In my view, equality depends on liberty in that inequalities are admitted if and only if (i) education/training opportunities are granted to everybody (equally motivated and endowed individuals) and (ii) income disparities benefit the least advantaged as well.
Quoting Rawls (2001, A Restatement, p.47), “… the equal political liberties cannot be denied to certain groups on the grounds that their having these liberties may enable them to block policies needed for economic growth and efficiency.”


According to my interpretation, Rawls’ Theory is aimed at the stability of political institutions; stability is the priority. In order to obtain such a stability, inequalities must be somehow “bought” by the losers (matter of consensus), which is, in my view, the main idea behind the Rawlsian reciprocity principle. If this is the case, then one may agree that stability is pursued by reducing complaints (Temkin 1986, 1993).
So, once complainers are identified, different approaches may be followed to capture the size/impact of complaints. In my paper, I opted for the binary choice, as you properly emphasized. Notice that, in my view, this choice is not intended to approximate "something else". Instead, it is expected to capture political consensus in a normative framework aimed at the stability of political institutions.
Evidently, this is not the only possibility. For instance, in the view of "voting models" one may focus on the sole frequency of complainers (counting approach). Also, given a proper motivation, a parametric approach may be implemented to monetize the contribution of each circumstance variable within the income generating fuction.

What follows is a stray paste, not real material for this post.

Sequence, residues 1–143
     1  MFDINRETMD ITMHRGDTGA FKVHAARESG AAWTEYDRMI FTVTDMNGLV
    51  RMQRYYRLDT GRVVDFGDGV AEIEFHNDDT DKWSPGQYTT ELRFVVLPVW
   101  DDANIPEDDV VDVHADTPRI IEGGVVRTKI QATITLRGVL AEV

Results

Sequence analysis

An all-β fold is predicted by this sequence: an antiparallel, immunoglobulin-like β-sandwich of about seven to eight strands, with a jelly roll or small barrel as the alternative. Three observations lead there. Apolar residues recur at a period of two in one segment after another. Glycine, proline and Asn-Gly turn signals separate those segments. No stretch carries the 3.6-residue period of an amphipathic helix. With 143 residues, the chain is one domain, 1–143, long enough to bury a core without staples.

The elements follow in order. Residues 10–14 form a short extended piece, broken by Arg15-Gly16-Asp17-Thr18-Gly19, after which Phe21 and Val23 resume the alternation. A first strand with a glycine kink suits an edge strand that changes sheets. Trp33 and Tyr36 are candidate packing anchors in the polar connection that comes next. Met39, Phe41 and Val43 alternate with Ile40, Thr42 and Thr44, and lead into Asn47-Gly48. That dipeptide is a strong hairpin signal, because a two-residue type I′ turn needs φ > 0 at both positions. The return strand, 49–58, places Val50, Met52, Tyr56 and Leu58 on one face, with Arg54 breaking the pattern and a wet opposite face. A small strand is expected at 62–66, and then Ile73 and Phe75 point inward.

I’m not sure I got your point here. Sorry about that.
I assume you refer to the following sentence in the paper: “In addition, in line with a broader interpretation of the maximin principle, equity is maximized when there is no group of more disadvantaged individuals, or, equivalently, all of them are disadvantaged.”

The equality principle is formulated in negative terms meaning that inequalities, i.e. departures from outcome egalitarianism are allowed if and only if the two principles of Equality holds. However, to the extent that inequalities are not there, equity is not a problem, no matter if below or above the poverty line.


Age is not a problem, but outliers … they are outliers. If outliers are not dropped, then the average disposable income for 2 (of 64) subgroups (the ones with the lowest number of observations) is not what one may expect as compared to the others. As such, a couple of lines in Table 1 would seem bizarre (e.g., worsening circumstances do not correspond to lower incomes). However, results reported in Table 2 are not sensibly affected by outliers.


I guess you are right. This may be an additional motivation (besides income pooling) for the empirically observed inequality gap in the case of the population of heads.


The correlation analysis shows that disposable incomes are not sensibly correlated with social circumstances (especially the degree of urbanization) in the population of heads. This finding is consistent with major results of the non-parametric estimation of Rawlsian inequity in that DP is found to be more important than FEO (Table 3). However, the impact of FEO on overall inequity is found to be increasing in the last waves. In this sense, it may be interesting to investigate the major determinants behind the increasing disparities originating from different social circumstances.


To the extent that existing differences among individuals are said to be not relevant in some economic sense, an egalitarian distribution is equitable. Clearly, this is a choice on its own. However, departures from outcome egalitarianism require definitely more value judgments concerning, among all, the identification of economically relevant differences among individuals, the definition of circumstances, the identification of responsible choices, and so on…

Thanks once more for reading my paper so carefully and for giving me the chance to improve my research on this topic.

Best regards,